4

STRFKR and Com Truise Trip Out at Culture Room May 18

^
Keep New Times Free
I Support
  • Local
  • Community
  • Journalism
  • logo

Support the independent voice of South Florida and help keep the future of New Times free.

Starfucker makes music that hipsters can't get enough of — but in reality, it targets anyone looking for a good time.

Often operating under the shortened moniker "STRFKR," the Portland, Oregon, trio of Joshua Hodges (vocals, keyboards, guitar, drums), Shawn Glassford (bass, keyboards, drums), and Keil Corcoran (drums, keyboards, vocals) are devout students of the '80s. Rounded out by former touring guitarist Patrick Morris, the band has taken influence from the likes of Cyndi Lauper (they recorded a brilliant cover of "Girls Just Want to Have Fun" on their album Jupiter), Human League, and New Order.

Its synth-heavy sound ("old-wave," as the band describes it) is both homage and pastiche, referencing a period marked by zany fashions and an over-the-top decadence rivaling the Roaring '20s. The bandmates are equally adept at penning punchy, electro-pop grooves (like the pair of tracks "Bury Us Alive" and "While I'm Alive,") and painfully pretty, midtempo cuts such as "Say to You."

With this project, Hodges aimed to eschew the mindless fame-whoring typically associated with rock 'n' roll. He named his new band after a person self-described as a "star fucker." The band's founder and frontman prefers to reject surface-level industry sleaze, turning his focus instead to quirky and cleverly written pop tunes by turns both breezy and bizarre.

During the recording of 2013's Miracle Mile, for example, Hodges told PureVolume he wanted to lighten things up on the new album, so he went all Magical Mystery Tour. "I wanted to make an album that sounded drunk and a little psychedelic, so like half the songs were written/recorded while drinking and nibbling on mushrooms in Astoria." The result was STRFKR's best-received record to date.

This year will see the outfit release its untitled fourth full-length. The lead single, "Never Ever," is as glittery as any of its previous songs, containing echoes of Kajagoogoo and Pet Shop Boys. In other words, not much has changed. In the meantime, STRFKR has embarked on a spring tour with Ghostly International's synthwave producer Com Truise.

For their show Wednesday at Culture Room, expect the same aim as in their albums; oftentimes, they unravel into kooky dance parties where members wear costumes, whether Cobra Kai from The Karate Kid or women's dress. They're liable to surf the crowd on their backs or on rafts or bring out a zoo's worth of dancers dressed as animals.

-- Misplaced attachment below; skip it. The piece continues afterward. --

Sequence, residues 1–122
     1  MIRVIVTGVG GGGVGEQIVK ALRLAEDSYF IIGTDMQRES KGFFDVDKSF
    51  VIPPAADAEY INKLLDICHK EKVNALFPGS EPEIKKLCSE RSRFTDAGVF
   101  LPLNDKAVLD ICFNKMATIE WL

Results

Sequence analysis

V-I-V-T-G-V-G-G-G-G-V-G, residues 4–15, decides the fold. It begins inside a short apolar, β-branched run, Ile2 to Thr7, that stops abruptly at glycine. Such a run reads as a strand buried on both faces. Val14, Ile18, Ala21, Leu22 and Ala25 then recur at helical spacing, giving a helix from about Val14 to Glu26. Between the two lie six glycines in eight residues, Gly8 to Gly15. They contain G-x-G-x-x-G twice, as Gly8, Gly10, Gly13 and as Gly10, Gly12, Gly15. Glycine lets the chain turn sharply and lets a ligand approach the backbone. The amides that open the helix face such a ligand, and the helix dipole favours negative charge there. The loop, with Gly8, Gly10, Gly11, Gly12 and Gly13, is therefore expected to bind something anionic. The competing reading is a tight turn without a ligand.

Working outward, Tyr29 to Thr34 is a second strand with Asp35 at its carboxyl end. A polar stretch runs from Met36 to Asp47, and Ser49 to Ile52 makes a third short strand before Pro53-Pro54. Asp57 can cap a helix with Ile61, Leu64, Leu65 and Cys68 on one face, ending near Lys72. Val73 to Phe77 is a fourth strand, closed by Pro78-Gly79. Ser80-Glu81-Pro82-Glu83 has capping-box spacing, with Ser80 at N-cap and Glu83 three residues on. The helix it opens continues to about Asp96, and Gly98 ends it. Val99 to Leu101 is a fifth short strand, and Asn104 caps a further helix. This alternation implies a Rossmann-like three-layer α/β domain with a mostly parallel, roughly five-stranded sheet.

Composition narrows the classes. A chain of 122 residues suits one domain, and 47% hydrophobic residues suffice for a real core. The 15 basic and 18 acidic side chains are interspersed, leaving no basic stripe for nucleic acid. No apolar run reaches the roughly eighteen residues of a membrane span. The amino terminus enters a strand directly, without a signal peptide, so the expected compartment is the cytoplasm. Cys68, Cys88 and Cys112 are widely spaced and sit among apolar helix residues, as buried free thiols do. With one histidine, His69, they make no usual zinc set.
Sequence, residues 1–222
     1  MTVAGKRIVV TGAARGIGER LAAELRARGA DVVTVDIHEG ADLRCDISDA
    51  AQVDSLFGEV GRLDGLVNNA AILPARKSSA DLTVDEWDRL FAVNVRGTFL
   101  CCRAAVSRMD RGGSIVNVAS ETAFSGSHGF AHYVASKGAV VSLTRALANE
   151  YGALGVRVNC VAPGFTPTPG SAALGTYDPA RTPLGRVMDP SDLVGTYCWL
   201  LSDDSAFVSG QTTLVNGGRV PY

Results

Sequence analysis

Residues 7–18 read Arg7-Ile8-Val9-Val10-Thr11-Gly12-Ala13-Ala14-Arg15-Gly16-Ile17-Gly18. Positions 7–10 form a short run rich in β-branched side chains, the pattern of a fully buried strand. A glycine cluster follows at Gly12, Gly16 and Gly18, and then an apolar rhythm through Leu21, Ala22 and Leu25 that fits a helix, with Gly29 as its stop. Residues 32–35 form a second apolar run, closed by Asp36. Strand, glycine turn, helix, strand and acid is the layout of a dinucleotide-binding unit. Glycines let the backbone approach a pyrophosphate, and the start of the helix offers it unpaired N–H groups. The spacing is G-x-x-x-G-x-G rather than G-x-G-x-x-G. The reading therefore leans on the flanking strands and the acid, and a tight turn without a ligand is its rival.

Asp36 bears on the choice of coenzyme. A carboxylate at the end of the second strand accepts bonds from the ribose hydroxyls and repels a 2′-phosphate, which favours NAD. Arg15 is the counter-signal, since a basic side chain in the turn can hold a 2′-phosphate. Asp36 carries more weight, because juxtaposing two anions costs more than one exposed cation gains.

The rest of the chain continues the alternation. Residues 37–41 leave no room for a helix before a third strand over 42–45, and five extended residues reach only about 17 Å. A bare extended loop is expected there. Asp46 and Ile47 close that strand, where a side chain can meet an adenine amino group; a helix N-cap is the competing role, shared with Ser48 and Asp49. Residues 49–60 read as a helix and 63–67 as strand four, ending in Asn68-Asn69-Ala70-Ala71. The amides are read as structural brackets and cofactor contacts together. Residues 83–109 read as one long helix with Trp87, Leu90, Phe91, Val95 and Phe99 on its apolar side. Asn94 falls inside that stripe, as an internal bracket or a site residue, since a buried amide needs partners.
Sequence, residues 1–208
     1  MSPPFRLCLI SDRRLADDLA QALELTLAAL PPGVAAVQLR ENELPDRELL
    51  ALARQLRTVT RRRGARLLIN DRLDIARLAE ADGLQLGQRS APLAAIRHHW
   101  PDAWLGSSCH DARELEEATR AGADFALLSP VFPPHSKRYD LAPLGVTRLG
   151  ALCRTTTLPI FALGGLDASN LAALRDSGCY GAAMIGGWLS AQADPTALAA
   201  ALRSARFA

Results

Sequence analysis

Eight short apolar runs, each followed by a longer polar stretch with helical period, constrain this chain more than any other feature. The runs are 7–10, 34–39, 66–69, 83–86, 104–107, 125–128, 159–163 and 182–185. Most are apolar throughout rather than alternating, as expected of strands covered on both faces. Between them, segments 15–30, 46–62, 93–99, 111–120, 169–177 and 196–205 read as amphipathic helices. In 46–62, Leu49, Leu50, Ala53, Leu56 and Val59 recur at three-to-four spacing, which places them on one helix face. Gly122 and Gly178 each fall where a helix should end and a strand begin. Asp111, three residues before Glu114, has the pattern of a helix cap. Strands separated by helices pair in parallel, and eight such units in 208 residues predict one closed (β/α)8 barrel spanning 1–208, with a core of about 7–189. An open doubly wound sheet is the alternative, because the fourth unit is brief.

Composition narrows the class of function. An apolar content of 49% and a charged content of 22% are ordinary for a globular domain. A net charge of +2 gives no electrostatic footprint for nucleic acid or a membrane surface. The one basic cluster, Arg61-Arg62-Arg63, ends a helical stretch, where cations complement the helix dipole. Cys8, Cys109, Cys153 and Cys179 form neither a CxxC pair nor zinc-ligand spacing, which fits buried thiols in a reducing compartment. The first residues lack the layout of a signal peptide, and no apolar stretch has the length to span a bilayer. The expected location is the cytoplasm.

In an interview with Creative Loafing, Hodges expressed the main concept behind the music of Miracle Mile and the band in general: "I forget to appreciate how much cool shit is going on. Like when you're a child, everything is magic, but then when you grow up, you get used to it. Like on your deathbed, I bet everything's magic again. You'll be thinking, I wish I could just go have coffee that I love, but then while we're drinking the coffee, we're not even drinking it. We're thinking about the next thing that we're going to do. So it's just a celebration of being alive. I spend a lot of my art on that."

STRFKR

With Com Truise. 7:30 p.m. Wednesday, May 18, at Culture Room, 3045 N. Federal Highway, Fort Lauderdale. Tickets cost $18 plus fees via ticketmaster.com.

Keep New Times Broward-Palm Beach Free... Since we started New Times Broward-Palm Beach, it has been defined as the free, independent voice of South Florida, and we would like to keep it that way. Offering our readers free access to incisive coverage of local news, food and culture. Producing stories on everything from political scandals to the hottest new bands, with gutsy reporting, stylish writing, and staffers who've won everything from the Society of Professional Journalists' Sigma Delta Chi feature-writing award to the Casey Medal for Meritorious Journalism. But with local journalism's existence under siege and advertising revenue setbacks having a larger impact, it is important now more than ever for us to rally support behind funding our local journalism. You can help by participating in our "I Support" membership program, allowing us to keep covering South Florida with no paywalls.

We use cookies to collect and analyze information on site performance and usage, and to enhance and customize content and advertisements. By clicking 'X' or continuing to use the site, you agree to allow cookies to be placed. To find out more, visit our cookies policy and our privacy policy.

 

Join the New Times community and help support independent local journalism in South Florida.

 

Join the New Times community and help support independent local journalism in South Florida.